Professor Emerita of Education Dr. Barb Schoenbeck is the featured speaker at the 2017 Poehler Lecture, March 7, 2017, at 7 p.m., in the Buetow Auditorium. The Poehler Lecture Series is an annual event designed to explore how students and faculty in the College of Arts & Letters, College of Education & Science, and College of Business & Technology have connected their Christian faith with their academic discipline. Speakers are selected based on excellence in their academic discipline and the maturity of their Christian faith. This event is FREE and open to the public.

Since her arrival at Concordia in 1978, Dr. Barbara Schoenbeck established a well-deserved reputation as an outstanding educator, a compassionate and influential mentor, a cherished colleague, and a humble, inspirational servant-leader passionately driven to promote positive, inclusive social change.

Dr. Schoenbeck served Concordia St. Paul with distinction for twenty-seven years before her retirement in 2005, but has continued playing an essential role in Concordia’s graduate program and as supervisor of practicum students and student teachers.

Her unparalleled dedication to the church, community, and to social justice, has been an inspiration to generations of students, staff, and faculty.

Center for Inclusive Child Care Awarded State Grant

The Center for Inclusive Child Care (CICC) at Concordia University, St. Paul has been awarded a $1.4 million grant from The Minnesota Department of Human Services, Child Development Services unit for a new Health and Safety Pilot Initiative. This new initiative will provide voluntary supports focused on health and safety best practices to licensed child care programs throughout Minnesota.

“This new program will enable us to provide coaching so child care will have better tools to provide safe and healthy environments,” Director of the Center for Inclusive Child CareCindy Croft said. “We (CICC) already provide statewide inclusion coaching to help children with special needs be successfully included in child care programs, so this grant will help us expand those efforts.”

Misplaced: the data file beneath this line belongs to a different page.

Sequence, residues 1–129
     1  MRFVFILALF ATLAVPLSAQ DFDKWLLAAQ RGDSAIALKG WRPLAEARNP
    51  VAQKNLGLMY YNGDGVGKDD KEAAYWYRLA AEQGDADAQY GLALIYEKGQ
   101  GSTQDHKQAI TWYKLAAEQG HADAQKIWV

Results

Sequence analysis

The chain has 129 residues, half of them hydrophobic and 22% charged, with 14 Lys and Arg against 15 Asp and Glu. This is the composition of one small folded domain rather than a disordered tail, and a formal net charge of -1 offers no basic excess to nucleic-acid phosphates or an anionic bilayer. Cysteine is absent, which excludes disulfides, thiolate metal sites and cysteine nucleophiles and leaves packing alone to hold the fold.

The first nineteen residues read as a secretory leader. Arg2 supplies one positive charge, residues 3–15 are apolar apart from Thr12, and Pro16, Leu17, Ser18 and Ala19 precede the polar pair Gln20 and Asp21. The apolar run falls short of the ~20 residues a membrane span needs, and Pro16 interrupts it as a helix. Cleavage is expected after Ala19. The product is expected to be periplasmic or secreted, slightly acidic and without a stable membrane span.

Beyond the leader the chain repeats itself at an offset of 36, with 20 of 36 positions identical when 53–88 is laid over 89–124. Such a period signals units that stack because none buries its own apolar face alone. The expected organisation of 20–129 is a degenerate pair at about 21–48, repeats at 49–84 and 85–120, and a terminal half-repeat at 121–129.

Health and Safety Specialist’s will work one-on-one with new or existing child care programs interested in enhancing their quality of care provided to children and families. Relationship-based coaching services will be available in the areas of child and adult safety; health promotion; disease prevention and culturally responsive care. The award is $1.4 million for 30 months beginning February 2017.

The CICC is housed in the College of Education and is a state-funded organization.

Spring Enrollment Trends Up for 11th Straight Year

Spring enrollment at Concordia University, St. Paul has grown for the 11th consecutive year, with significant increases recorded in traditional undergraduate, adult undergraduate, and graduate student numbers.

The 4,466 students enrolled (full and part time) represent an increase of 237 students (5.6 percent) from the 2016 spring semester. Broken down by student type, Concordia enrolls 1,354 traditional undergraduates, 1,212 adult undergraduates and 1,900 graduate students (includes doctoral programs).

“We are humbled at the increasing number of students pursuing their education at our university and enormously proud of their accomplishments,” said CSP President Dr. Tom Ries. “I am happy to say that students are also graduating in record numbers.”

The largest growth area came from Concordia’s graduate programs, as enrollment grew by a robust 126 students (7.1 percent). Many of these programs are offered fully online.

Solid enrollment growth was also record for both the traditional undergraduate and adult undergraduate student types, with traditional programs gaining 55 students (4.2 percent) and adult programs gaining 56 (4.8 percent).

In just five years CSP’s spring enrollment has grown by an astonishing 1,621 students, a nearly 57 percent increase from January 2012. Overall, Concordia students reside from 49 states and 23 foreign countries.